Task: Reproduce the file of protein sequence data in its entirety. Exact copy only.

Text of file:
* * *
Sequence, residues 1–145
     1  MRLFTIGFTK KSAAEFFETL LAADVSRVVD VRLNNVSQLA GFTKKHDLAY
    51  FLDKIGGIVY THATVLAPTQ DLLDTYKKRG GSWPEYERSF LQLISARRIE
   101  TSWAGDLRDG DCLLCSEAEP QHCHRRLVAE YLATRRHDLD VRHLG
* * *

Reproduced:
Sequence, residues 1–145
     1  MRLFTIGFTK KSAAEFFETL LAADVSRVVD VRLNNVSQLA GFTKKHDLAY
    51  FLDKIGGIVY THATVLAPTQ DLLDTYKKRG GSWPEYERSF LQLISARRIE
   101  TSWAGDLRDG DCLLCSEAEP QHCHRRLVAE YLATRRHDLD VRHLG